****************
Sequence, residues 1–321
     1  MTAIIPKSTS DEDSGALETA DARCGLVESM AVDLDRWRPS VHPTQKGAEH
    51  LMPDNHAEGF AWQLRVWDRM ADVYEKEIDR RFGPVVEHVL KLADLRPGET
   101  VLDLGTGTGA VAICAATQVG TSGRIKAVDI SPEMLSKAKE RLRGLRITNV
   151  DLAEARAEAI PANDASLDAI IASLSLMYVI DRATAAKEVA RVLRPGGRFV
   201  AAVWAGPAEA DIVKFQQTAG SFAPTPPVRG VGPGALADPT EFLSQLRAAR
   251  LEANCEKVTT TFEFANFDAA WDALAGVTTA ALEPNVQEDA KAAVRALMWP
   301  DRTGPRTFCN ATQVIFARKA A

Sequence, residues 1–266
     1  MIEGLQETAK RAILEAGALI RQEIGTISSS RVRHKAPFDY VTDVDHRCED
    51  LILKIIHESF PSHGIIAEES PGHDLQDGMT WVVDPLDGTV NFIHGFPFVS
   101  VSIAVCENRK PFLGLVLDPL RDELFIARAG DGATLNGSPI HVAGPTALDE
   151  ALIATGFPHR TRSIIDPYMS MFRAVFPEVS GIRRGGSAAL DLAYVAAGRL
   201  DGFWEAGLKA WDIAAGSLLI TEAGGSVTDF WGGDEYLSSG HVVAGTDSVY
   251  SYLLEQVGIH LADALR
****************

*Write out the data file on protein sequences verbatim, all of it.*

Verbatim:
Sequence, residues 1–321
     1  MTAIIPKSTS DEDSGALETA DARCGLVESM AVDLDRWRPS VHPTQKGAEH
    51  LMPDNHAEGF AWQLRVWDRM ADVYEKEIDR RFGPVVEHVL KLADLRPGET
   101  VLDLGTGTGA VAICAATQVG TSGRIKAVDI SPEMLSKAKE RLRGLRITNV
   151  DLAEARAEAI PANDASLDAI IASLSLMYVI DRATAAKEVA RVLRPGGRFV
   201  AAVWAGPAEA DIVKFQQTAG SFAPTPPVRG VGPGALADPT EFLSQLRAAR
   251  LEANCEKVTT TFEFANFDAA WDALAGVTTA ALEPNVQEDA KAAVRALMWP
   301  DRTGPRTFCN ATQVIFARKA A

Sequence, residues 1–266
     1  MIEGLQETAK RAILEAGALI RQEIGTISSS RVRHKAPFDY VTDVDHRCED
    51  LILKIIHESF PSHGIIAEES PGHDLQDGMT WVVDPLDGTV NFIHGFPFVS
   101  VSIAVCENRK PFLGLVLDPL RDELFIARAG DGATLNGSPI HVAGPTALDE
   151  ALIATGFPHR TRSIIDPYMS MFRAVFPEVS GIRRGGSAAL DLAYVAAGRL
   201  DGFWEAGLKA WDIAAGSLLI TEAGGSVTDF WGGDEYLSSG HVVAGTDSVY
   251  SYLLEQVGIH LADALR